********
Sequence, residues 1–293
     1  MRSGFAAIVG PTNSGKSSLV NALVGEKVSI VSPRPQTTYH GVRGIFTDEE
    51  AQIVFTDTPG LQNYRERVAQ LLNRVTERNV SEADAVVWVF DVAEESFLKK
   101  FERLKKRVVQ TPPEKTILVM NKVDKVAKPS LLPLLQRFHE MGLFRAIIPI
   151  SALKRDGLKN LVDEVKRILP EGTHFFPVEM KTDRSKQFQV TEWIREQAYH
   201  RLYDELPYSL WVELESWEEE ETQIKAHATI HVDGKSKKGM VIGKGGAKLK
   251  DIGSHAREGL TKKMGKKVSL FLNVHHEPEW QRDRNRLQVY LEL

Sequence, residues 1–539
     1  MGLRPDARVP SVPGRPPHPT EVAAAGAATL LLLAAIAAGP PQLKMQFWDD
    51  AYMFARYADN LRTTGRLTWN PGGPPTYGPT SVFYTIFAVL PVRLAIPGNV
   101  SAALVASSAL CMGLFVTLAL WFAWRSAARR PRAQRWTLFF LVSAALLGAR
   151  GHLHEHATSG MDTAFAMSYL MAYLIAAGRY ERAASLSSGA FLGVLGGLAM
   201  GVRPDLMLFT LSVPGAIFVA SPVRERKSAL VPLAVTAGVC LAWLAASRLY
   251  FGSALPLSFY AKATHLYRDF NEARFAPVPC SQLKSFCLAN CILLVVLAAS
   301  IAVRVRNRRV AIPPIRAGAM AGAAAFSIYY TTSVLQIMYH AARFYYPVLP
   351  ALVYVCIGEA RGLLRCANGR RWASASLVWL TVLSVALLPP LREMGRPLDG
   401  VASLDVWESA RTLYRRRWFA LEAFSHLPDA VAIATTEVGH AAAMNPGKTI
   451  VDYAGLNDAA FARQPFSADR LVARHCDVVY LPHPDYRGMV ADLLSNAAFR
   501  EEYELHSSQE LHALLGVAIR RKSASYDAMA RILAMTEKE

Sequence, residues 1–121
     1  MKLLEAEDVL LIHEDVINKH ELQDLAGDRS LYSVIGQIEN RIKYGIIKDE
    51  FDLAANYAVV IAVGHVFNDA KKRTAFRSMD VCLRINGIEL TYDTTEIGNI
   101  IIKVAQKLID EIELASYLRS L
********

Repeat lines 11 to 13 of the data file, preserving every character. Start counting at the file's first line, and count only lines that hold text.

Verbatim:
   101  SAALVASSAL CMGLFVTLAL WFAWRSAARR PRAQRWTLFF LVSAALLGAR
   151  GHLHEHATSG MDTAFAMSYL MAYLIAAGRY ERAASLSSGA FLGVLGGLAM
   201  GVRPDLMLFT LSVPGAIFVA SPVRERKSAL VPLAVTAGVC LAWLAASRLY